Food | Outings + Activities | Nutrition

Eat Your Veggies! Family-friendly Seattle Restaurants Serving Up Veggie Dishes Kids Love

Kids will ask for seconds at these inventive eateries where fresh takes on broccoli, Brussels sprouts and squash steal the show

Courtesy Ernest Loves Agnes

It’s official: vegetables are now equal to protein on the dinner plate. Take one look at Tom Douglas’s menu at his new Carlile Room and you may be surprised to see “Plants” as the entrees and meats as sides to “pair with a plant.” Yes, that’s right, you may now tell your server you’d like “a side of filet mignon.” The great thing about this vegetable revolution (health benefits aside) is that you need not seek out vegetarian restaurants to get superlative veggie dishes. And now, more than ever, you stand a better chance at getting your kids to try more vegetables — especially when they’re prepared as deliciously as these.

1. Ernest Loves Agnes, Seattle (Capitol Hill)

600-602 19th Ave. E., Seattle  • 206-535-8723

At this popular new Italian trattoria in Capitol Hill (in the former Kingfish Café space), people flock for the delightful pizzas and pastas but regulars know that, arguably, the best dish on the menu is a vegetable. Their roasted half acorn squash has developed a bit of a cult following — and I’m among the converted. It’s not overcooked (mushy) or undercooked (starchy). Caramelized brown butter pools in its center, which is also lightly drizzled with honey. Cooked with fried sage, it gets an assertive herbal note which contrasts beautifully with the sweetness. It’s topped with crunchy, salty pepitas.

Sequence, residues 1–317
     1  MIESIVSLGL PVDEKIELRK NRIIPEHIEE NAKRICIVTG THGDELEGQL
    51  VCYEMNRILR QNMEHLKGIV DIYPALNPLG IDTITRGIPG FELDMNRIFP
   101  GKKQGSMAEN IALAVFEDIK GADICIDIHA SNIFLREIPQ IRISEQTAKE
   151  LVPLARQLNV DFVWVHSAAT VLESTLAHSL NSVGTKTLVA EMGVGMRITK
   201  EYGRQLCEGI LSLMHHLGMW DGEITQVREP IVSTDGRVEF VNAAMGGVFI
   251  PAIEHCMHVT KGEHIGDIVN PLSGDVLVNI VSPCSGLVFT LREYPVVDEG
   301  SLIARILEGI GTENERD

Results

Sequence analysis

Happy-kid tip: After dinner, bring cookie- and ice-cream-loving kids to Hello Robin just down the block. 

Courtesy Carlile Room
Courtesy Carlile Room

2. The Carlile Room, Seattle (downtown)

820 Pine St., Seattle • 206-946-9720

Tom Douglas’s The Carlile Room, helmed by former Palace Kitchen chef Dezi Bonow, has 13 “Plant” entrees, ranging from creamed winter greens to delicata squash crudo to chickpea fava fritters. But surprisingly, perhaps, it’s boring old broccoli (Douglas’s favorite veg) that steals the show. The large flowers are gussied up with tarragon, brown butter, almond, stracciatella cheese, lemon and pickled prosser peppers. Your kids will love it and you may come away with a whole new appreciation for this humble veggie. The space, too, is full of fun: a 1970s ambience means eye-popping details like a huge Bob Dylan painting, retro lighting and bright orange tableware.